UX London: Designing from the Inside Out

by June 15, 2009

Dan Saffer's Designing from the Inside Out: Behaviour as the Engine of Product Design talk at UX London 2009 outlined how behavior can serve as a driving factor for form and the mechanics of function in products.

  • For most people, the interface is the product. It’s an outside-in experience
  • It’s easier to focus on form than behavior. Likewise easier to focus on mechanics (how it will work) than how it will behave.
  • Behavior: how the product acts, the tasks the product allows users to do, maximizing the abilities of the product, actions you want to engender through the use of the product itself.
  • The best products: are aesthetically pleasing; are plug & play; have personal or professional value; seem transparent; offer clear affordances/instruction; put functionality on the correct platform; have responsive feedback; use conventions… or do something better; make it difficult to make mistakes; have moments of delight; respect the users time & effort; and are aware of context of use
  • The best way to achieve most of these characteristics is by focusing on behavior. But if the interface is the product, how do we design from the inside out?
  • Behavior can be a major product differentiator and can be a defense against feature-itis
  • People love features: we enjoy comparing products side by side. Companies love features too –they give them something to talk about and market.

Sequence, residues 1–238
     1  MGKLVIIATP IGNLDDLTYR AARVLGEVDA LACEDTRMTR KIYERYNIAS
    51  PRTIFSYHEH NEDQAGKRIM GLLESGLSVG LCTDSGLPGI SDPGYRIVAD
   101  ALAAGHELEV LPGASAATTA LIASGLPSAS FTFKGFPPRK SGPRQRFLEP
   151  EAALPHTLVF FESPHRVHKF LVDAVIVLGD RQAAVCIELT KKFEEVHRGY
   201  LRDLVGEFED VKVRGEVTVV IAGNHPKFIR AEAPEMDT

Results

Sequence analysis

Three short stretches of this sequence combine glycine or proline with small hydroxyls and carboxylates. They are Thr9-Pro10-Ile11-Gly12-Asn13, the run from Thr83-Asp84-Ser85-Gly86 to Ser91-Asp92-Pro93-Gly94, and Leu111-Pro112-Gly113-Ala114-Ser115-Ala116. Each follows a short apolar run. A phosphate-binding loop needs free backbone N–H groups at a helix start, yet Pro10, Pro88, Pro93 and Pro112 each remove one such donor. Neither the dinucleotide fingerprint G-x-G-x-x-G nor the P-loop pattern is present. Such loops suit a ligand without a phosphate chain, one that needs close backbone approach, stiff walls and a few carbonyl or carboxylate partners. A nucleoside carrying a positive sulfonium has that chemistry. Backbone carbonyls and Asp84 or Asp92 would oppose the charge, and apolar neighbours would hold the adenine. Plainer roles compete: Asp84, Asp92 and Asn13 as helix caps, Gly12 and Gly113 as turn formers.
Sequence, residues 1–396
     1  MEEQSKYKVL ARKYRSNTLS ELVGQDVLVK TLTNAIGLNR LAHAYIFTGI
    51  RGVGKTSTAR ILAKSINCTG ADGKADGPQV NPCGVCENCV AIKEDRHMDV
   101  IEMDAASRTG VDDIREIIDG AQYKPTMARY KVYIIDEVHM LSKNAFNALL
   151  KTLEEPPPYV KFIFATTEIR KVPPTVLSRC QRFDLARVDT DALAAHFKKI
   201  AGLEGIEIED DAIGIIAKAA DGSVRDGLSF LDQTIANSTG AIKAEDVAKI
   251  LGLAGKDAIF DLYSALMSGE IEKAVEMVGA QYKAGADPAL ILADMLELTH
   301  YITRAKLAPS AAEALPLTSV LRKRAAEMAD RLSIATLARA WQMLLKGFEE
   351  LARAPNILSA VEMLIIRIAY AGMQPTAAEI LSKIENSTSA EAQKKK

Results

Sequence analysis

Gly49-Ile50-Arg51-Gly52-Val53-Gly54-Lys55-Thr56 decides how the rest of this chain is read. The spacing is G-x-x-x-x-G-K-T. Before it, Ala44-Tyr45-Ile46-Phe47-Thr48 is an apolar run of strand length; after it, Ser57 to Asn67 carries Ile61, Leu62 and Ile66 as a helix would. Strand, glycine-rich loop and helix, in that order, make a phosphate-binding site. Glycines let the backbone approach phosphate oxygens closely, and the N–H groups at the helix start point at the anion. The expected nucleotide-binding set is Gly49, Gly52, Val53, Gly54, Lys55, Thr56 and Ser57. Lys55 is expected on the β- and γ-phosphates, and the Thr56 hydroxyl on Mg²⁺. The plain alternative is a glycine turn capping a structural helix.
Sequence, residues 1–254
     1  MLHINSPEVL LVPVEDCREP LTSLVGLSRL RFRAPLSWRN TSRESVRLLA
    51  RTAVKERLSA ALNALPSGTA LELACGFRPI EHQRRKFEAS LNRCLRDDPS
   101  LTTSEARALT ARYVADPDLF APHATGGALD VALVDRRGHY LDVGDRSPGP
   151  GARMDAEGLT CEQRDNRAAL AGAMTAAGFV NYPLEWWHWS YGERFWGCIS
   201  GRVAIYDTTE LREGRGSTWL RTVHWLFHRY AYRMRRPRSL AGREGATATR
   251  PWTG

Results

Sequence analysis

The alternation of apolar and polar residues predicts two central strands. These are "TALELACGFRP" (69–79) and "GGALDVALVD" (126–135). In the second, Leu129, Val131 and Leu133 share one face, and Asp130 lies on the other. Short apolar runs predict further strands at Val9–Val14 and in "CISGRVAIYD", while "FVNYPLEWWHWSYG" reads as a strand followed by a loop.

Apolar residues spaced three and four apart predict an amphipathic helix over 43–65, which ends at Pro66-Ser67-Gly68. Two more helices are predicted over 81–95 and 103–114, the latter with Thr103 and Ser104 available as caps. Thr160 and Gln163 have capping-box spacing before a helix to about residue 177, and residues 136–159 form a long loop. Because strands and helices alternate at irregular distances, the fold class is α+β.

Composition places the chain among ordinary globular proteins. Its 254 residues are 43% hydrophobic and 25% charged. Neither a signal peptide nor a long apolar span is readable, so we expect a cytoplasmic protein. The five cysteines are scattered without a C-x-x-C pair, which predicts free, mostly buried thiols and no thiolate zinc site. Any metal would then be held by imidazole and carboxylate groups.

• Features are a poor long -term strategy as they will be built by competitors. Its easy to replicate features but hard to replicate how features behave.
  • Behavior as design research: stop looking for people’s goals. Start looking at motivations, expectations, and actions.
  • Translating goals or (worse) preferences into products results in bad products.
  • Behavior as product structure: how does the system behave when people engage with it? The same feature can fell completely different based on how it responds and how it is accessed.
  • Transitions matter: cannot be well represented through paper documentation. Need prototyping.
  • What activities does the product need to support?
  • What is the product’s core activity? This will determine the “buddah nature” of the application.
  • What behavior do you want to encourage or discourage? Very difficult to change human behavior. Much easier to change the mechanics of the system than behavior.
  • Put the right functionality in the right places. Should features be digital, physical, or both? When & where will the feature be used? What is the feature’s priority? Does it need to be available all the time? How much resources should be spent? Consider ergonomics?
  • Start from the behavior, and then figure out what should control it. The physical form, UI elements on the screen, or even gestures in a space.
  • Behavior drives the form and mechanics.